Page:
While the news is good for now, there are increasing worries that the new, more contagious variants, could result in large increases in the not too distant future. For example, Paul Rumer’s modeling suggests that the combination of the new COVID variants coupled with lockdown fatigue could result in more than 300,000 additional deaths in the coming months.
- 21 million people have received one more both doses of the vaccine (4 million who have been fully vaccinated). Last week, the US hit a hit of 1.2 million doses per day.
- Johnson and Johnson released results on their Phase III testing. Overall they found to have an efficacy of 66% (note that J&J vaccine regiment is one shot) although less so against the South African variant. J&J is expected to file an emergency authorization next week. Based on prior experiences, the FDA is expected to authorize in 2-3 weeks. If it’s approved the vaccine would be available to the public in March or April (there have been manufacturing delays)
- Another vaccine candidate made by Novavax reported that its vaccine is 90% effective. There is no timeline for Novavax to submit to the FDA (the data was from non-US trials). Below is a handy chart comparing the vaccines (only Pfizer and Moderna are currently approved for use in the US)
- While 1.2 million may seem a lot, as Drew Altman pointed out, in order to vaccinate 70% of the population by July 4, you’d need 2.4 million doses. To reach 70% by Labor Day, you would need 1.9 million doses. The current pace of 1.2 would mean that you’d reach 70% vaccinated around January 1. While these numbers don’t include those that have immunity through natural infection, they do highlight the challenges facing vaccine distribution.
- While the Novavax vaccine had a 90% efficacy generally it had slightly under 50% efficacy in its South African trials. J&J also had a drop in efficacy against the South African variant. All vaccine producers are currently working on boosters against this variant, highlighting the potential that COVID vaccines may need to be updated or include an additional booster in the near future.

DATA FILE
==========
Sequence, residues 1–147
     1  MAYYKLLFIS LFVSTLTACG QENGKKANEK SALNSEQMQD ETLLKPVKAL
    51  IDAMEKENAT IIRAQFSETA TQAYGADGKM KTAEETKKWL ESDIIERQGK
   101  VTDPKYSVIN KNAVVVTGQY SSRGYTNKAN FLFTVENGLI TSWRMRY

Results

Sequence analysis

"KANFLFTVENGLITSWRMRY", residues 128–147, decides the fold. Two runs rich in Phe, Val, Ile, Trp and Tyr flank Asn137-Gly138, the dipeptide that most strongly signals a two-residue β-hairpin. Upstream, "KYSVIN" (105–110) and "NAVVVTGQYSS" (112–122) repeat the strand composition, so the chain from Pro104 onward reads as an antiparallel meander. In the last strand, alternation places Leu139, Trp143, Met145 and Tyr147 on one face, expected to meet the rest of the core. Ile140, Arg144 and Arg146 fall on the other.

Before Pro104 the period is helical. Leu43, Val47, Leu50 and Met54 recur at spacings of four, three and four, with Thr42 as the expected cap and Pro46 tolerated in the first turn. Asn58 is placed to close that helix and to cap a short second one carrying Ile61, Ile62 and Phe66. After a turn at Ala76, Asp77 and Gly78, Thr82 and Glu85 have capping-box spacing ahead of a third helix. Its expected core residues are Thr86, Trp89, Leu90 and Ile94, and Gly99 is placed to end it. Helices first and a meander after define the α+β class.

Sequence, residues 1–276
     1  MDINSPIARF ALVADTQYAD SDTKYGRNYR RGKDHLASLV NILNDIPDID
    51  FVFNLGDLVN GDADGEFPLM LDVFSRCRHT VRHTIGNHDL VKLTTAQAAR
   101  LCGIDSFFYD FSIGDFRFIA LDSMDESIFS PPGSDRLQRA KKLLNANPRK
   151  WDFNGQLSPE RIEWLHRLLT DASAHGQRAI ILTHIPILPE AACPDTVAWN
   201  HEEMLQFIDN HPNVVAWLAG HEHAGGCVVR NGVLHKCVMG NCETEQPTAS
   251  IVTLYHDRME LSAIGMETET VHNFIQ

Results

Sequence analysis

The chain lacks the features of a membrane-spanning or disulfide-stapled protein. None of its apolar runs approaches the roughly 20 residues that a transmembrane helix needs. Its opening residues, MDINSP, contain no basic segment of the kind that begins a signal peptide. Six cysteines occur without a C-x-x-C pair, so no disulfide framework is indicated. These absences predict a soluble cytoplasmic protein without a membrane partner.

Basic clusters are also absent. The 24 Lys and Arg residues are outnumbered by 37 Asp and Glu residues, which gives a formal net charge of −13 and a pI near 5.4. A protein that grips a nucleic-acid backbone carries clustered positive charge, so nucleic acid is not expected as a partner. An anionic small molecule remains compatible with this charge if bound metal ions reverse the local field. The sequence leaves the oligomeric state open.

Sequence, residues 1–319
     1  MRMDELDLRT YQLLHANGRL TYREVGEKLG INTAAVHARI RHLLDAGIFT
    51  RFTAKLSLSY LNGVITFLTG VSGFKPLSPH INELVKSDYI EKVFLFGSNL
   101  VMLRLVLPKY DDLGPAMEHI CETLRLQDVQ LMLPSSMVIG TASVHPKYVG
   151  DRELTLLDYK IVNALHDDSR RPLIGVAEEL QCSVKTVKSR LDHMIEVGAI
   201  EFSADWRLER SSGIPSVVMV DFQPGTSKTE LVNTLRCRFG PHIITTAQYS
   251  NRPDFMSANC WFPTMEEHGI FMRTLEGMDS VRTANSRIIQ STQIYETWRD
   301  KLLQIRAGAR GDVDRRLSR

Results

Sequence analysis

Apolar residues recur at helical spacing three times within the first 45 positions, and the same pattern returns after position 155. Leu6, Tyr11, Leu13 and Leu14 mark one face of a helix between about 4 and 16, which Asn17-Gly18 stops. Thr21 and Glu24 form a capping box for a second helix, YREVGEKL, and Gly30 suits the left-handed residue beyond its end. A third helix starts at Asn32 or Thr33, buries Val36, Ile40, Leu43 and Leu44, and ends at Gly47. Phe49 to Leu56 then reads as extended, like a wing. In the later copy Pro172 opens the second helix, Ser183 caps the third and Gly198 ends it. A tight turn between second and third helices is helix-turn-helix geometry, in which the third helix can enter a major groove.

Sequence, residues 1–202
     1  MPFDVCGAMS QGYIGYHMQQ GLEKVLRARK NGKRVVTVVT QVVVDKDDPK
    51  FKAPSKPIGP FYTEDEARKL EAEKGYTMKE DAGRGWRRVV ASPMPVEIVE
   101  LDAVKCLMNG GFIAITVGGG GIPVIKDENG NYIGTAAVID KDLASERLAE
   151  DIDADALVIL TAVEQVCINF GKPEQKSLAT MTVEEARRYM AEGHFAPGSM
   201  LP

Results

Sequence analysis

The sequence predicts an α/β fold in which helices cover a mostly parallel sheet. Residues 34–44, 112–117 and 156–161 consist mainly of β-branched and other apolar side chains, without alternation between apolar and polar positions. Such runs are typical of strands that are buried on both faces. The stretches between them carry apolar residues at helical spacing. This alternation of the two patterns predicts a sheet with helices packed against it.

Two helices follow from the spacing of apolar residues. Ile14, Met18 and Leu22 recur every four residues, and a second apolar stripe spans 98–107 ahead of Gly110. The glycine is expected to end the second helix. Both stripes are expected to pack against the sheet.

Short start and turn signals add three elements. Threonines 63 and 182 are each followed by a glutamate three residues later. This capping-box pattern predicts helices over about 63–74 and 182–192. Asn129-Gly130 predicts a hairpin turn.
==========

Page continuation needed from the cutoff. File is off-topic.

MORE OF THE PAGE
Other HHS Announcements
- HHS announced that the Public Health Emergency would likely stay in effect through 2021
- The Biden Administration halted the Trump Administrations' plan to let more physicians prescribe opioid-treatment drugs. The Biden Administration noted that legal concerns were one of the main hurdles.
The Bureau of Economic Analysis (BEA) released the latest US GDP figures today. Overall, the BEA found that the US economy shrank by 3.5% last year, the worst year for the US economy since demobilization following World War II in 1946. While the expectation is that the economy will grow in 2021 and US interventions reduced income losses, the economy continues to have problems, as over 18 million Americans are currently receiving unemployment benefits.
Research you can Use
HCCI conducted analysis of the difference between the Medicare Physician fee schedule and the payments received by physicians. They generally found that FFS payments were lower than PFS rates.